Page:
The Restorative Justice of Project NIA

Image Courtesy of Project NIA

Image Courtesy of Project NIA

Chicago is well-known for more than just being a beautiful city. Like many other large cities, Chicago has a major problem with juvenile delinquency. Every day more and more organizations, both new and old, work to change the system that is more punitive, than rehabilitative to the youth it serves.

One of the up and coming initiatives for addressing criminal behavior among young people is Restorative Justice. Instead of looking at the crime as an offense against the state and punitively throwing the offender into jail, the system would look at the crime at the victim/offender/community level. There would be a dialogue between the victim, the offender, and the community affected that would require the offender to take responsibility for the harm caused. Some of the faces of this would be an apology or community service depending on the nature of the crime.

The Restorative Justice of Project NIA has been involved in this fight in Chicago since 2009. They are working to educate people about the current system; its failures, the need for change, and a call for better research on the effects of the justice system. Project NIA’s three stated goals are to empower community members to become leaders in this fight, to create effective alternatives to the criminal legal systems that are community-based, and to put an end to juvenile incarceration.

One of the most impressive things about Project NIA is that they are addressing the issue from so many different angles. Through research and workshops, Project NIA educates people about the criminal justice system. The research is used to collaborate with other communities who may be interested in effecting the same change in their own cities, as well as, stakeholders in Chicago. They have developed a curriculum that utilizes popular education to teach communities about the criminal justice system. Project NIA’s research is also addressing the issues of suspensions in school (due to zero tolerance policies), as well as, some alternatives to calling the police when it comes to youth.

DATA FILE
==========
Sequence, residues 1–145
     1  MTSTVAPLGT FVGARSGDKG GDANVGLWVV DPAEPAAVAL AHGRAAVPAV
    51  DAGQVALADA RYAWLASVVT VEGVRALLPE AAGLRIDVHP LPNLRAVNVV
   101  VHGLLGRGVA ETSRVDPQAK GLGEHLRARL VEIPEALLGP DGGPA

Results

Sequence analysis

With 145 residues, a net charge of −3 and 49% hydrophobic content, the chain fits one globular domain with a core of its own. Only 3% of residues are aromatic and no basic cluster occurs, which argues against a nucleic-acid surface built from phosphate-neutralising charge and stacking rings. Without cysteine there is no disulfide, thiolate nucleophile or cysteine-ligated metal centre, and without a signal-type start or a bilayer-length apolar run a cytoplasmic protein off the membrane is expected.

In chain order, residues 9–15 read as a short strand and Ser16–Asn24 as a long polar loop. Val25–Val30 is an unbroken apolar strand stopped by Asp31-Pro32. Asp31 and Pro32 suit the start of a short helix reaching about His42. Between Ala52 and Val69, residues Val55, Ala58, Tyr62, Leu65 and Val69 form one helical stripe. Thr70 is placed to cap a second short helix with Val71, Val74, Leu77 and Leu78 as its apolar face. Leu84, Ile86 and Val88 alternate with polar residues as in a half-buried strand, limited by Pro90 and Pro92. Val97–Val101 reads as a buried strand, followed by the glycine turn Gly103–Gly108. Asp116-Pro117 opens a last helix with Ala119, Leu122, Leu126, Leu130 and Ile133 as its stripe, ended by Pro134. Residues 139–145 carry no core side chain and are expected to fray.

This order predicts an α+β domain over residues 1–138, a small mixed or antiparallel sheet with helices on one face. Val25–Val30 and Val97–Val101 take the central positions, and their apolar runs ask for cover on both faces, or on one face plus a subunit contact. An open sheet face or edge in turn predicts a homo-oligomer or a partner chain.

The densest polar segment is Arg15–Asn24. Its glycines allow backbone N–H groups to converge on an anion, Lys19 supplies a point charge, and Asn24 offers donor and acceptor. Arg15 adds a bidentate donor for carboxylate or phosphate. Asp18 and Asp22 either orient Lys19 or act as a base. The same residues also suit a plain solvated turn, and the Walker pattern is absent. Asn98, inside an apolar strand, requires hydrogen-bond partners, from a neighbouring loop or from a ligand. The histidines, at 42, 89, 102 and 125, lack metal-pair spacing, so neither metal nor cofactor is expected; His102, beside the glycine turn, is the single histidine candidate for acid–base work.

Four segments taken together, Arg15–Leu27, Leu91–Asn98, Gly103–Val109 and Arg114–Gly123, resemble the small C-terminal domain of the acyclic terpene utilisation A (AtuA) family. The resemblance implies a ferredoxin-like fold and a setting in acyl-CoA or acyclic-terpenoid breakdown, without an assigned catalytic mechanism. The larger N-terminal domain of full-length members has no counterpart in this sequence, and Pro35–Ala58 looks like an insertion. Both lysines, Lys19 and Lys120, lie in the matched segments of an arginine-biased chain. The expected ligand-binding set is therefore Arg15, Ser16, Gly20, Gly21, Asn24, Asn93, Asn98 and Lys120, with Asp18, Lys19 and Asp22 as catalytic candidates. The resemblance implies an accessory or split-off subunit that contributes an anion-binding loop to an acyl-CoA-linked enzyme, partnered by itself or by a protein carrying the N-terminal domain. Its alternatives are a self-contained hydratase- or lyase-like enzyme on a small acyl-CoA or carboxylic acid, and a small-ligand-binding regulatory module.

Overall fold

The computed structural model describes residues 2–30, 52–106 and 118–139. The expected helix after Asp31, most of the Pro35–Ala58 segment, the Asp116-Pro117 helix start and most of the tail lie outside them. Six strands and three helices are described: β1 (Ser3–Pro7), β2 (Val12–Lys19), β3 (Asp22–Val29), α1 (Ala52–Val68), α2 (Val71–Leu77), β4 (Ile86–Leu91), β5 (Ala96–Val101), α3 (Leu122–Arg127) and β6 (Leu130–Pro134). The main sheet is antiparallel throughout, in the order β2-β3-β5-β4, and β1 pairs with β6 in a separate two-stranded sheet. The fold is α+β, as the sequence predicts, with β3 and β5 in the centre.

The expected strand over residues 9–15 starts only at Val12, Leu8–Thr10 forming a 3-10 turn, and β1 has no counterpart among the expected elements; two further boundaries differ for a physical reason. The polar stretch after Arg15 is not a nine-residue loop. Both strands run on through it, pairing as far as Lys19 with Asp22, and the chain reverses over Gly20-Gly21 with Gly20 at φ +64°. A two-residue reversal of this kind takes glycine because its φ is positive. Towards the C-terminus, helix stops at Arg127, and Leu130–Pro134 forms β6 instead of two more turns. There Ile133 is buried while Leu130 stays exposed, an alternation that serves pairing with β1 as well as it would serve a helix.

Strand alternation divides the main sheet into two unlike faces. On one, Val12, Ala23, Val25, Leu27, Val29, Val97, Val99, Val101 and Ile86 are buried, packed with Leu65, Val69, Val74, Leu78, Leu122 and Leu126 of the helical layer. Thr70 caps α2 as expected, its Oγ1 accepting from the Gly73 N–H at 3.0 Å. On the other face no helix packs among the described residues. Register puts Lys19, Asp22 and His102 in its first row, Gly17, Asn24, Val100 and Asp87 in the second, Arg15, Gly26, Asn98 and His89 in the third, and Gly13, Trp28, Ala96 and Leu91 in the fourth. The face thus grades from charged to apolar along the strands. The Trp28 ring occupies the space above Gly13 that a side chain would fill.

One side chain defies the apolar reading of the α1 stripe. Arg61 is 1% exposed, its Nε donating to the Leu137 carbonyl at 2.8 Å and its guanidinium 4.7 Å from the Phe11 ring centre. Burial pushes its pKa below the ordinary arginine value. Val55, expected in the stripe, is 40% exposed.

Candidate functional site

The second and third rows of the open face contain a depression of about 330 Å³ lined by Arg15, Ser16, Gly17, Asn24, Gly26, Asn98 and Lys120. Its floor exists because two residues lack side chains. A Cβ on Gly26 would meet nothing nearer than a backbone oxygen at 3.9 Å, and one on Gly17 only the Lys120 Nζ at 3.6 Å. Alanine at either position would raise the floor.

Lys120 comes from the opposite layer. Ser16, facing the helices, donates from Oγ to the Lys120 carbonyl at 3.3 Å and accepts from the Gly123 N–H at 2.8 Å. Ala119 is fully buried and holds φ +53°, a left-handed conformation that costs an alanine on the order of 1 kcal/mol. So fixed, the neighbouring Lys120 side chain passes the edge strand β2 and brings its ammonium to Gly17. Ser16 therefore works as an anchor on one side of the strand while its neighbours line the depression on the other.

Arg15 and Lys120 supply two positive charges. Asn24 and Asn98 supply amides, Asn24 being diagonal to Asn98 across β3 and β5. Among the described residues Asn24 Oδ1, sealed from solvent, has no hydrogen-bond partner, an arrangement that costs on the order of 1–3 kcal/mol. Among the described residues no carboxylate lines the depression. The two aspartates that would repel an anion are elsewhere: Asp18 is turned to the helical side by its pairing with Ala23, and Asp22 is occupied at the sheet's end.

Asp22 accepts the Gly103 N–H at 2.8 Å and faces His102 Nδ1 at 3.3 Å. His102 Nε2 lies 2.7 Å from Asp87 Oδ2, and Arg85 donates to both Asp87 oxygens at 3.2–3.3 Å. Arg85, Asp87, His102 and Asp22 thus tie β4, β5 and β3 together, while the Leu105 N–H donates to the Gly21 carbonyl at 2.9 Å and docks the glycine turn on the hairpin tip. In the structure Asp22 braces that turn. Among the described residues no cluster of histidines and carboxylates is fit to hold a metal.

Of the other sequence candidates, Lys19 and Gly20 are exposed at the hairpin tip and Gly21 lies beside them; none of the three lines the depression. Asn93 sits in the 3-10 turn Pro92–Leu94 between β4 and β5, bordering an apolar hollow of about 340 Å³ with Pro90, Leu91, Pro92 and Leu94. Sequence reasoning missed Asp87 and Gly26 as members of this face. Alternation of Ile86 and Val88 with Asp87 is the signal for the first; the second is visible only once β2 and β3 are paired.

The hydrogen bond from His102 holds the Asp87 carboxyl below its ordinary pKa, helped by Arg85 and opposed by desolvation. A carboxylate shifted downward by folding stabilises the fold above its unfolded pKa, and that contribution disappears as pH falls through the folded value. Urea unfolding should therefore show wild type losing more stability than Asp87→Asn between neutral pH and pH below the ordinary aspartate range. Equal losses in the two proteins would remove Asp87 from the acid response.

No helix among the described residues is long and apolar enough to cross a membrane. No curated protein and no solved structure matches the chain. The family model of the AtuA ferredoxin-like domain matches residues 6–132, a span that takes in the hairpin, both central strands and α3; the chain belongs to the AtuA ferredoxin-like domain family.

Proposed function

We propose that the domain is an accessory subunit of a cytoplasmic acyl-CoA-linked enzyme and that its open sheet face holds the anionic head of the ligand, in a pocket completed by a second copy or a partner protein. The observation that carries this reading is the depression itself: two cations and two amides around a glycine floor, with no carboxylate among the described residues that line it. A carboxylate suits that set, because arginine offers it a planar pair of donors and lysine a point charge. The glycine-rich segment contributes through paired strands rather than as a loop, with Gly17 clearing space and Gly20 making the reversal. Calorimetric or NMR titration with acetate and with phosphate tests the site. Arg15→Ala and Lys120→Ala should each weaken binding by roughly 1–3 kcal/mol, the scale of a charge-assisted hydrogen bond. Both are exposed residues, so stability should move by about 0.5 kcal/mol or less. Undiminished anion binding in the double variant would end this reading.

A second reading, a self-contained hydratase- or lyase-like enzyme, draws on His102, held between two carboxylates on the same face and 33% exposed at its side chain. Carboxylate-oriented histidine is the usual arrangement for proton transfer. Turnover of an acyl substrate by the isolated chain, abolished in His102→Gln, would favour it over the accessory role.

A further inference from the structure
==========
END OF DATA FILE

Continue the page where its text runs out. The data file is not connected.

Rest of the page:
NIA currently has two main advocacy initiatives: the UN-marked Campaign and the Campaign to Close Illinois Youth Prisons. The UN-marked Campaign is an advocacy movement that makes it easier to expunge a juvenile’s record. The goals are to educate youth and adults about the importance of expunging records, to change the high costs associated with expunging the records, and to effect legislative changes that automatically expunge minor arrests once juveniles turn 18. The Campaign to Close Illinois Youth Prisons has several goals, but chief among them is to educate youth and adults around the dangers and ineffectiveness of the juvenile justice system.

In addition to advocacy, Project NIA has several volunteer-led and run initiatives for intervention. They are Girl Talk, Circles and Ciphers, Families in Touch, and Community Peacemaking and Talking Circles. As the name indicates, Girl Talk is a project that works with incarcerated girls in Cook County. The meetings are bi-weekly film screenings, followed by small group discussions and art projects by participants and volunteers. The Circles and Ciphers initiative is a program designed to develop leaders out-of-court-involved, gang-involved, and prison-involved “Black and Brown” boys. “Through the use of improvisational hip-hop freestyle ciphers, as well as talking and peacemaking circles, participants will respond to this tragic pattern as community organizers: they will design a new, autonomous, nonviolent gang tailored to their unique needs.” The Families in Touch initiative is designed to facilitate family visitation for young women in a jail in Warrenville. Lastly, the Community Peacemaking and Talking Circles is an initiative designed to build community among victims, offenders, and community via the use of different types of circles that facilitate communication.

An example of a successful application of a similar program is Gacaca; Rwanda’s post conflict justice program. The Gacaca system uses community based courts to try suspected perpetrators of the 1994 genocide. The offenders are required to complete community service in the communities that they committed crimes in. There should be no societal limitations on rehabilitating a person and saving our youth from a broken system is extremely important.

By Melissa Bautista

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1 Comment

  1. Becca S

     /  October 30, 2015

    The work that NIA is doing in Chicago is incredibly important and seems like an effective method of bringing about change. There are many things that need to be changed about the criminal justice system. In particular, the juvenile justice system needs serious reform. Youth are so easily influenced by reform programs that in the end, it is safer, more effective, and cheaper than incarceration methods. I am happy to see that NIA is educating the public about these issues as I think they are often overlooked by the general public and it is hard to bring about serious change without the support of people.

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